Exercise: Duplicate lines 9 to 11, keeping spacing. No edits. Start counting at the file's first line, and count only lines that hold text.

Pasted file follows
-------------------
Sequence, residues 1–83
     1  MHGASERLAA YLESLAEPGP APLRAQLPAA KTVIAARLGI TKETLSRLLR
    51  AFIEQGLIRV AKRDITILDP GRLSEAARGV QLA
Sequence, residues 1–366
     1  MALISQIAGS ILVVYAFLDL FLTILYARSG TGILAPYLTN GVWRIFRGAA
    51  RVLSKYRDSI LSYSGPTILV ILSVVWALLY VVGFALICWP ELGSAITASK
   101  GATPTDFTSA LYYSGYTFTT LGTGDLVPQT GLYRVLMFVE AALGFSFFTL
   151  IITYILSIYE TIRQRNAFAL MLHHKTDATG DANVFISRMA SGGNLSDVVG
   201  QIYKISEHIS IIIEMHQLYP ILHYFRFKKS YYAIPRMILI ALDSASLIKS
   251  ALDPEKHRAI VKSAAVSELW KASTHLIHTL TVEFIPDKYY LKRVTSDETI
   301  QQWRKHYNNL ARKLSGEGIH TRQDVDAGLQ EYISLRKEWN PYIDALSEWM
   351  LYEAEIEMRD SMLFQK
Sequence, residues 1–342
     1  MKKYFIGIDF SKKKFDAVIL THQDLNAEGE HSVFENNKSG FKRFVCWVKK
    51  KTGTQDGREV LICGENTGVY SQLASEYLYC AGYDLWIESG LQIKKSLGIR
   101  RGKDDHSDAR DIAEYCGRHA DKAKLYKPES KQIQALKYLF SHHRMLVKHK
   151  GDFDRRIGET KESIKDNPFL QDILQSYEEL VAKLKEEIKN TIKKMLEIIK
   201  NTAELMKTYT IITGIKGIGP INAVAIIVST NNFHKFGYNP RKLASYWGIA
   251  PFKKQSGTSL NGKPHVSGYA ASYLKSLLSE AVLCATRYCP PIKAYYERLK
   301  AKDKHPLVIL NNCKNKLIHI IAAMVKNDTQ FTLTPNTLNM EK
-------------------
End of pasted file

   201  QIYKISEHIS IIIEMHQLYP ILHYFRFKKS YYAIPRMILI ALDSASLIKS
   251  ALDPEKHRAI VKSAAVSELW KASTHLIHTL TVEFIPDKYY LKRVTSDETI
   301  QQWRKHYNNL ARKLSGEGIH TRQDVDAGLQ EYISLRKEWN PYIDALSEWM